Well, La-Di-Dah: Algorithm Detects Online Sarcasm
Well isn’t this just delightful: A team of super-clever computer scientists at The Hebrew University’s Institute of Computer Science in Jerusalem will be presenting their findings on an algorithm that detects online sarcasm at next week’s International Conference for Weblogs and Social Media (ICWSM) in Washington, D.C.
They call their algorithm SASI, short for “semi-supervised sarcasm identification algorithm.” Essentially, it works by taking a handful of sentences that have been tagged by humans as sarcastic (hence the “semi-supervised” part) and employs machine learning to make guesses as to other sarcastic sentences.
The algorithm has been tested out on Tweets and Amazon product reviews, and it’s done pretty darn good (no sarcasm intended!): SASI achieved a precision of 77% and recall of 83.1% “on an evaluation set containing newly discovered sarcastic sentences, where each sentence was annotated by three human readers.”
Though there were no hard-and-fast methods for ferreting out sarcasm, the researchers did find a few moderately useful rules of thumb, including excessive capital letters and exclamation marks, although these were less reliable indicators than large disparities between sentiment and review score for reviewed items:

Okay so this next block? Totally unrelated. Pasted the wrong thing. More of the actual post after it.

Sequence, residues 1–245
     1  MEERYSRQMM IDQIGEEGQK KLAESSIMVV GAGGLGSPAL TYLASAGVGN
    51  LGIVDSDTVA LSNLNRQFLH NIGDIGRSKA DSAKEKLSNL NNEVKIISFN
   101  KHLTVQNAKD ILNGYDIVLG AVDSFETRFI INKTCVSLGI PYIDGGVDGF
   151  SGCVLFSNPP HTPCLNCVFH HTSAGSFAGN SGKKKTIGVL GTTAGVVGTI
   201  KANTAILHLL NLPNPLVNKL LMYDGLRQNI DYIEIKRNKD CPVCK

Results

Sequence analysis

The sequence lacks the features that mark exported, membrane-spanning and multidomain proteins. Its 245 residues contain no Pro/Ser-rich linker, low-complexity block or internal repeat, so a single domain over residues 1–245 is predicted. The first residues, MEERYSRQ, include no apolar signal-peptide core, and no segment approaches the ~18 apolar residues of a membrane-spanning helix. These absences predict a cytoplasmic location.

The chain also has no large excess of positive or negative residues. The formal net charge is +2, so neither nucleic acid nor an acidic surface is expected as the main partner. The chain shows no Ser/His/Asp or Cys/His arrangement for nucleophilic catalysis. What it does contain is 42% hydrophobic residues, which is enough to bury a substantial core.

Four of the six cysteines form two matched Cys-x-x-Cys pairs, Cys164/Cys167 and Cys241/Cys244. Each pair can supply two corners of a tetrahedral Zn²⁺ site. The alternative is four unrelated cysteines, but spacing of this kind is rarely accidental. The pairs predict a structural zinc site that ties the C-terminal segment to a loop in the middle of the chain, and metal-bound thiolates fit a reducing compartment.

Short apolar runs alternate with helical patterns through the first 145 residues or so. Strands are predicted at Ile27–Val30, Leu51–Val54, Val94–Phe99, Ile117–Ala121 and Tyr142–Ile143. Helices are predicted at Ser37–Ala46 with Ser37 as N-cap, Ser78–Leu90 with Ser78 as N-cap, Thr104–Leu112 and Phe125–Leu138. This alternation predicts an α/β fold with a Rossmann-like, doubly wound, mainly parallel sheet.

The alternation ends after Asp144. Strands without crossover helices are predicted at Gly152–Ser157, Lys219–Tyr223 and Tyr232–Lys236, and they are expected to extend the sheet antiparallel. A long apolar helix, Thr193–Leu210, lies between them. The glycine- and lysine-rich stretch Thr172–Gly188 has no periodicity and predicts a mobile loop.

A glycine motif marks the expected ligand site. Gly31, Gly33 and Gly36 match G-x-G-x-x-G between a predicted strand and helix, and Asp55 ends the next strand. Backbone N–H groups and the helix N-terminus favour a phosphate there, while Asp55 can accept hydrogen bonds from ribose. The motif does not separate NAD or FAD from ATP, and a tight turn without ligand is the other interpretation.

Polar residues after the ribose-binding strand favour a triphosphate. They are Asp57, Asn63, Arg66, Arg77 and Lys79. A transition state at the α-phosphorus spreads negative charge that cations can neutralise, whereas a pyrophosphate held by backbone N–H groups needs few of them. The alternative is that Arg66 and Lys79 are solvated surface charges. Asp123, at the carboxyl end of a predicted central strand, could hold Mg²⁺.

A number of sentences that were classified as sarcastic present excessive use of capital letters, i.e.: “Well you know what happened. ALMOST NOTHING HAPPENED!!!” (on a book), and “THIS ISN’T BAD CUSTOMER SERVICE IT’S ZERO CUSTOMER SERVICE”. These examples fit with the theoretical framework of sarcasm and irony (see the Related work section) as sarcasm, at its best, emerges from a subtle context, hence cues are needed to make it easier to the hearer to comprehend, especially with written text not accompanied by audio (‘…’ for pause or a wink, ‘!’ and caps for exaggeration, pretence and echoing). Surprisingly, though, the weight of these cues is limited and they fail to achieve neither high precision nor high recall.
According to the study, the three most sarcastically reviewed items on Amazon are Shure and Sony noise cancelation earphones, Dan Brown’s Da Vinci Code, and Amazon’s own Kindle e-reader. We’re guessing they didn’t come across the Amazon reviews for a gallon of Tuscan Whole Milk or a certain popular lupine t-shirt.
The researchers hypothesize that “one of the main reasons for using sarcasm in online communities and social networks is ‘enlightening’ the mass that are ‘treading the wrong path.'”
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